Average Household Wealth Only Halfway Back from Crisis Depth


 Average Household Wealth Only Halfway Back from Crisis DepthWith the economic recovery seemingly humming along, home prices surging and new stock market highs, most headlines give the impression that U.S. household wealth has bounced back as well.

But that’s not quite true, says a report released Thursday by the Federal Reserve Bank of St. Louis.

Average household wealth is only about halfway back to pre-recession levels, according to an essay from the St. Louis Fed’s new Center for Household Financial Stability.

While many Americans lost wealth because of the recession, the following groups of Americans lost the most in percentage terms: “younger, less-educated and/or African-American and Hispanic families,” said the Center’s essay.

These Americans had higher-than-average concentrations of their wealth in housing and higher debt-to-asset ratios “than less economically vulnerable groups,” wrote the Center’s director, Ray Boshara, and chief economist, William Emmons.

The Center will uses its findings and other research “to inform policymakers, practitioners and financial institutions on ways to help families save and invest more wisely, thus contributing to households’ economic mobility and the nation’s economic growth,” said a statement by the St. Louis Fed.

St. Louis Fed President and CEO James Bullard said it is important to learn more about the link between households’ balance sheets — their savings, assets, debt and net worth, as distinct from wages and income — and the performance of the national economy.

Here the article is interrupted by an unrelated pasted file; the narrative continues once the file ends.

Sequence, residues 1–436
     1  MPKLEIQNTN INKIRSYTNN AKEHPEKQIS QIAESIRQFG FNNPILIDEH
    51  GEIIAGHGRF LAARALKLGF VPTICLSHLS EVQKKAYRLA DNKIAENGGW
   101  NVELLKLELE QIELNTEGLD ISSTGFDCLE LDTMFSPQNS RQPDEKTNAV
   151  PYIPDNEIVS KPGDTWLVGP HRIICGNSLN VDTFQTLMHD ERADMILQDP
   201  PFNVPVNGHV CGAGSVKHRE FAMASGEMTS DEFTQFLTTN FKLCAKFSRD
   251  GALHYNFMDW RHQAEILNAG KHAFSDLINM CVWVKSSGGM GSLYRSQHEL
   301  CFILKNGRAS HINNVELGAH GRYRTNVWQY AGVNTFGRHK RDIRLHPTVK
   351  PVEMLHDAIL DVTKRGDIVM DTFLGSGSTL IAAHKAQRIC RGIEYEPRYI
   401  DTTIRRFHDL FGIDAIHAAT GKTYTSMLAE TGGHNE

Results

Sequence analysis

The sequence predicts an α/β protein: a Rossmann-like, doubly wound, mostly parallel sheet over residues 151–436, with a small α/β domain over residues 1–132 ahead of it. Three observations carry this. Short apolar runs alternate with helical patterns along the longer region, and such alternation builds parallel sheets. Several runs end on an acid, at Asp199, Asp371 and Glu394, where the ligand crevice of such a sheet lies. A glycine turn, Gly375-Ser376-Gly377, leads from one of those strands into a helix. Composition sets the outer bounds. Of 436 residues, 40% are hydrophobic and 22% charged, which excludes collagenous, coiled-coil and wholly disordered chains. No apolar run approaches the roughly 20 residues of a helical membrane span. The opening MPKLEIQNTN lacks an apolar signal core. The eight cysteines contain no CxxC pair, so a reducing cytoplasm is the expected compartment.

“Work is under way and the partnerships are forming with colleagues throughout the Federal Reserve System, as well as external researchers and others,” Bullard writes in the St. Louis Fed’s annual report. “As we learn more about how microeconomic activity affects the performance of the macroeconomy, this research could have important public-policy implications, including insights for monetary policy.”

A separate Federal Reserve report in March found that Americans overall had regained 91 percent of their losses.

Household wealth dropped $16 trillion from the third quarter of 2007 through the first quarter of 2009. By the final three months of 2012, American households as a whole had regained $14.7 billion.

However, when you adjust for inflation and average across the U.S. population, it’s a different picture. The average household has recovered only 45 percent of its wealth, the St. Louis Fed reported.


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